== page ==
Theatre Historical Society of America recognizes Hillsman Lee Wright with Creating Theatre History Award at Annual Conference

LOS ANGELES, CA – 17 Jul, 2017 – Mr. Hillsman Lee Wright was honored at the closing reception of the Annual Conference of the Theatre Historical Society of America on June 30, 2017.  Wright received the Creating Theatre History Award, which recognizes an individual or group that has contributed to society in a manner that exemplifies excellence in preserving theatres and their history.

Wright’s 40-year association with historic theatres began in 1975 at the Carnegie Hall and Bleecker Street Cinemas in NYC. Over the next 40 years, his career continued at the Memphis Orpheum, Los Angeles Historic Theatre Foundation, and League of Historic American Theatres; and touched dozens of theatres in communities, towns, and cities in California and across the United States. His achievements exemplify the high standards expected of a recipient of this award. Wright has inspired hundreds to activism while educating untold numbers in the importance and benefits of historic theatre preservation, re-activation and restoration.

Volunteer, board member, patron, donor, service provider, staff member or maverick historic theatre activist; whatever his role, each was informed by his distinctive personal style, humor and persistence. At the heart of his service is voluntarism. Most of his service to the field has been as a volunteer. His activism and advocacy span local, state, regional, national and international spheres. Serving as board member officer for Los Angeles Historic Theatre Foundation, which he co-founded in 1988, League of Historic American Theatres, Hollywood Heritage, West Hollywood Preservation Alliance, Friends of the Fairfax, Fox Inglewood Alliance and numerous arts, community and service organizations is indicative of dedication. 

In 1987, the Los Angeles area had dozens of historic theatres, many in continuous operation as single screen movie houses, a few featured live performances, some were vacant and others adaptively re-used. It was, and is, an embarrassment of riches. Nowhere is this more apparent than in downtown L.A., with its 18 historic theatres clustered on or within a few blocks of Broadway. In 1987, three of these downtown theatres closed – more than at any time since the Great Depression.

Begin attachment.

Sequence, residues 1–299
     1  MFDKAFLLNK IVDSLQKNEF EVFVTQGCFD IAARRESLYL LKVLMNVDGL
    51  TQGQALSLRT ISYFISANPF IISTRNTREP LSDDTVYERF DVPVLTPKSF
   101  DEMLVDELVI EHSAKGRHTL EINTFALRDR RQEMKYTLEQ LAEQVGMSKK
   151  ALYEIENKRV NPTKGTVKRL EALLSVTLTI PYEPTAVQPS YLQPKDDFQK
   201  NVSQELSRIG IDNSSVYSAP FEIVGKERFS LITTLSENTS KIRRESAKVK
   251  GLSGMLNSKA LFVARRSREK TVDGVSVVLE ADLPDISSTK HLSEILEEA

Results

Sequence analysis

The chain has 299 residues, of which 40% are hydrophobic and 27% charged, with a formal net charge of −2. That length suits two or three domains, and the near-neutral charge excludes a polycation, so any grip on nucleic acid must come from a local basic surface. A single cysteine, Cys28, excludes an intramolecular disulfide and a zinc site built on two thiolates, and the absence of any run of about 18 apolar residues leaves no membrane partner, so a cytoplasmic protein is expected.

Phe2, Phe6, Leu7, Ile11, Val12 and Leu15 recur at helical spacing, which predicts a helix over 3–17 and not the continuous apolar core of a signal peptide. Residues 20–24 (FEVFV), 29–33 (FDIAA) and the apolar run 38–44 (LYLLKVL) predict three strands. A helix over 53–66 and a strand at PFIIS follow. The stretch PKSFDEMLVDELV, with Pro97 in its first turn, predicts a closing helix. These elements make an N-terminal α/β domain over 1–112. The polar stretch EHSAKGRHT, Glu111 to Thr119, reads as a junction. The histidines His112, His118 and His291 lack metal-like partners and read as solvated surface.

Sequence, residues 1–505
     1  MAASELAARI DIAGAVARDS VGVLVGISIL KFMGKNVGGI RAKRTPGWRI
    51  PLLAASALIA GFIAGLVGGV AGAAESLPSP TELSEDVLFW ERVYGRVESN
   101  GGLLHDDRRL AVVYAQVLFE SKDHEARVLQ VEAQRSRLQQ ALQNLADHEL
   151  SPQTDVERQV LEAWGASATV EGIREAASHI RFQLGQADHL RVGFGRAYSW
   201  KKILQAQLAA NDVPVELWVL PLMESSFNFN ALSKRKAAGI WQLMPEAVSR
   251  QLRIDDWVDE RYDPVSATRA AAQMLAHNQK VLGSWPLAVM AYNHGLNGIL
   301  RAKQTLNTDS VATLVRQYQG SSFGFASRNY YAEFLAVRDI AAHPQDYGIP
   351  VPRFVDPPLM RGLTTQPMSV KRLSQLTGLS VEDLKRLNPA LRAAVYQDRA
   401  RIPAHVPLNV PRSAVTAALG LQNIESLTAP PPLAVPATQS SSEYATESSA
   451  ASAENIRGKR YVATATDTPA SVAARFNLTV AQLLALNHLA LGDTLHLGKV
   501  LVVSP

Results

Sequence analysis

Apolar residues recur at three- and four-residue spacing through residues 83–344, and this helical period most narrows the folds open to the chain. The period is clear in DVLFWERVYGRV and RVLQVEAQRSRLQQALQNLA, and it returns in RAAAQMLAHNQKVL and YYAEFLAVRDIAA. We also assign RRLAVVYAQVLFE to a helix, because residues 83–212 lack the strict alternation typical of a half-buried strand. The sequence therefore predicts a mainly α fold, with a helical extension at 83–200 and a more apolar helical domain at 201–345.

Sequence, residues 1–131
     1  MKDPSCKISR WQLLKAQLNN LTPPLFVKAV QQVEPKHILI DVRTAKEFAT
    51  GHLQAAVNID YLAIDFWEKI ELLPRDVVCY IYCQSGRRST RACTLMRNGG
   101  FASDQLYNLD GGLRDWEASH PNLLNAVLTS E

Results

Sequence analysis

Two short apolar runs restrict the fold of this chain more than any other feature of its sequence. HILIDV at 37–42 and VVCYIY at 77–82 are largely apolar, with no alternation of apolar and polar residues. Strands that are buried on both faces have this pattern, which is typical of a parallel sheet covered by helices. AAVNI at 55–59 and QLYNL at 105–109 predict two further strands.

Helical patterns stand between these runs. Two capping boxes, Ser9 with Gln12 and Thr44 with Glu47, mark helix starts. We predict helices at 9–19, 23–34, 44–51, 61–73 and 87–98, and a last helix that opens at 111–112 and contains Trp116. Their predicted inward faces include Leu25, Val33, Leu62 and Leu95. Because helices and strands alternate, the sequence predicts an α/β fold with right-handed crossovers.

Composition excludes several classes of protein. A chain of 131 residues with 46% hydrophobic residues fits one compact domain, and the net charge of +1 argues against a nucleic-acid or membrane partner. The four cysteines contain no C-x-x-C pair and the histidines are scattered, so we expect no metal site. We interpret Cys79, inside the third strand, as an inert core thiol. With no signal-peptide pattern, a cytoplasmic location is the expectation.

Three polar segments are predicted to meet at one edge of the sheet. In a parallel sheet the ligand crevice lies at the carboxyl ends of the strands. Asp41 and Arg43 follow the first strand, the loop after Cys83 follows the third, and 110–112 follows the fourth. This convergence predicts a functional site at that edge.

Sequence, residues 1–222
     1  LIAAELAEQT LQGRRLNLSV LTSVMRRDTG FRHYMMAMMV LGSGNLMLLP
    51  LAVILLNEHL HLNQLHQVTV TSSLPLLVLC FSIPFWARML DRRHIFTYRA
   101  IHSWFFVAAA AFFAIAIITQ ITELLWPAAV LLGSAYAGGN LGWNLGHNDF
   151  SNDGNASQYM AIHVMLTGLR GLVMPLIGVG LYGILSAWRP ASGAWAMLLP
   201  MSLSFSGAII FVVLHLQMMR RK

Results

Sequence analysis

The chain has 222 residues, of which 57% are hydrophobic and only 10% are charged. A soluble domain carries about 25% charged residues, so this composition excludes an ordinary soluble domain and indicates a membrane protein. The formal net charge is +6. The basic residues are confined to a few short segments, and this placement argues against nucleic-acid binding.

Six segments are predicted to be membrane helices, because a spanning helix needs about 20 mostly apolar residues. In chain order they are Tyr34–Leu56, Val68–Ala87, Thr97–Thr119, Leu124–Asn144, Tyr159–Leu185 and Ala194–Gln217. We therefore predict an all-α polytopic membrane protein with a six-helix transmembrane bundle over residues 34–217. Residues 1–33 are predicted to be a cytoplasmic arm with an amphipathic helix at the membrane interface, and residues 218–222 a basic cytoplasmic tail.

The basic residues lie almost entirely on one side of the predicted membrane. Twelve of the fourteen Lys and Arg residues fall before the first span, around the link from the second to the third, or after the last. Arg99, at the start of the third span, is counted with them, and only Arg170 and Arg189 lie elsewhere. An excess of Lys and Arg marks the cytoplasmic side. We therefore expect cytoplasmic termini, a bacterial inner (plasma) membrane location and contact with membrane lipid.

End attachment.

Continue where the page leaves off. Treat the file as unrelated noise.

Wright identified the need for a specialized non-profit organization to address the unique challenges and opportunities involved in historic theatre preservation. Wright and theatre historian John Miller co-founded the Los Angeles Historic Theatre Foundation, dedicated to protecting, preserving, restoring and sustaining the operation of Southern California’s historic theatres. Wright was a guiding light and driving force behind the grassroots volunteer-powered LAHTF, which quickly became influential in the regional and national theatre preservation movement. 

Through LAHTF, Wright became an effective voice for education and organization, rallying people in neighborhoods, communities, towns and cities interested in saving “their” historic theatre. The Alex in Glendale, Fairfax, Fox Inglewood, El Portal, Hollywood Warner, El Capitan, TCL Chinese Theatre, Egyptian, Fox Fullerton, Globe (Morosco), Belasco, Mayan, United Artists (Theatre at Ace Hotel), Golden Gate, Warner Huntington Park, Warner Grand San Pedro, and others benefitted directly from Wright’s involvement. The Fox Bakersfield, Hanford Fox, Sacramento Crest, Balboa, North Park and California Theatres in San Diego, Carolina Durham, Provincetown Rep, and other theatre preservation projects outside of L.A. have also been touched by Wright’s expertise and advocacy.

“My career in historic theatre preservation began in 1975 in the basement of Carnegie Hall, with a stop at the Memphis Orpheum, and continues today in L.A.’s Hollywood and Broadway Historic Theatre Districts. Fate or good fortune has smiled on me. I’m grateful for the many people who have joined with me over the years to help save these irreplaceable treasures. Historic theatres are repositories of memory and meaning. I look forward to new challenges and victories ahead in the world of historic theatre preservation” (Hillsman Wright, July, 2017)

About The Theatre Historical Society of America:

Founded in 1969 as a non-profit organization dedicated to celebrating the rich history of America’s historic theatres, the Theatre Historical Society of America (THS) exists today as a common ground for all who value the role of these historic structures in our architectural, cultural and social and history. Through preservation of the collections in the American Theatre Architecture Archive and our educational programming, including our flagship publication Marquee™ and Conclave Theatre Tour, THS increases awareness, appreciation and scholarly study of America’s theatres.

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For more information about this topic, or to schedule an interview, please contact Donna McCoy, Membership & Communications Manager at 1-877-242-9637 ext. 305 or

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Company Name: Theatre Historical Society of America
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